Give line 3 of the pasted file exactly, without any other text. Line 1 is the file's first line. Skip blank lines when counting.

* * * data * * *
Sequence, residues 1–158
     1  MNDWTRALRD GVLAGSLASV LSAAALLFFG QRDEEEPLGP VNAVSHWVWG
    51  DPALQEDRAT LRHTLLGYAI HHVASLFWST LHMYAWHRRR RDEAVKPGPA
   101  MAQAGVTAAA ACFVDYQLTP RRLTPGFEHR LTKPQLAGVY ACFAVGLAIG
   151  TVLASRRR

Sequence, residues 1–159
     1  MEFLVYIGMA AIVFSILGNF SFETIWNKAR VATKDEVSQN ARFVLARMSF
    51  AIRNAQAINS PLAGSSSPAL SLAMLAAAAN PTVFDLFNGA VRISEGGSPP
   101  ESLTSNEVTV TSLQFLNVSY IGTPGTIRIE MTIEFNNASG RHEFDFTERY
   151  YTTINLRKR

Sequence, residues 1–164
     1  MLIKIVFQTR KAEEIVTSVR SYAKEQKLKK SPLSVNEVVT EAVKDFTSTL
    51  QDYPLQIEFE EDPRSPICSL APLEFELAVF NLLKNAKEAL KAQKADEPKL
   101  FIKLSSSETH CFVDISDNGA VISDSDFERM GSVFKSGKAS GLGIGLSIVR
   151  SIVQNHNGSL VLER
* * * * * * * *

    51  DPALQEDRAT LRHTLLGYAI HHVASLFWST LHMYAWHRRR RDEAVKPGPA